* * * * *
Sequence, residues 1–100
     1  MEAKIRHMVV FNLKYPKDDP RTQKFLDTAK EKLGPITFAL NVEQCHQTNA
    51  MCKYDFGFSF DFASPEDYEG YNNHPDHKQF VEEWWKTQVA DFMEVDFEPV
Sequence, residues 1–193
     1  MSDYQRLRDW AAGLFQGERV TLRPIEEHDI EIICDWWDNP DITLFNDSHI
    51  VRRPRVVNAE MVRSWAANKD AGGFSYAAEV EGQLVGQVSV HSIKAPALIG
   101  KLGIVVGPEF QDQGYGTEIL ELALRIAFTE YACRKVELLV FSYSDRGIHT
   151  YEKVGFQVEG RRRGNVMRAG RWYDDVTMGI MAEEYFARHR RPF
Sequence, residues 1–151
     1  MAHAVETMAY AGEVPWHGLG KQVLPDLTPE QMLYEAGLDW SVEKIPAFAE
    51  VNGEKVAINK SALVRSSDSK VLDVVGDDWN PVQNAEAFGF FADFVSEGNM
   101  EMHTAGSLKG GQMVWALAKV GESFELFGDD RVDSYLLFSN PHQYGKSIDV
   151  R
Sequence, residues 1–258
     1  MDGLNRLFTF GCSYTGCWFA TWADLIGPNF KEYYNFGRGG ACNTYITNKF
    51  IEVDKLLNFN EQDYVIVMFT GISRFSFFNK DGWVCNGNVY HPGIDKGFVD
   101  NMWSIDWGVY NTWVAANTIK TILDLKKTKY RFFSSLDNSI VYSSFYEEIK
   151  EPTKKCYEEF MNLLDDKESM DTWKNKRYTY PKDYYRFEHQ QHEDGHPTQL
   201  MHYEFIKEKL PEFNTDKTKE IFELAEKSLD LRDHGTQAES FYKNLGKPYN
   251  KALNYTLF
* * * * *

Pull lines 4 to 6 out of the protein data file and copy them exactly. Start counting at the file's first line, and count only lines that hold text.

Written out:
Sequence, residues 1–193
     1  MSDYQRLRDW AAGLFQGERV TLRPIEEHDI EIICDWWDNP DITLFNDSHI
    51  VRRPRVVNAE MVRSWAANKD AGGFSYAAEV EGQLVGQVSV HSIKAPALIG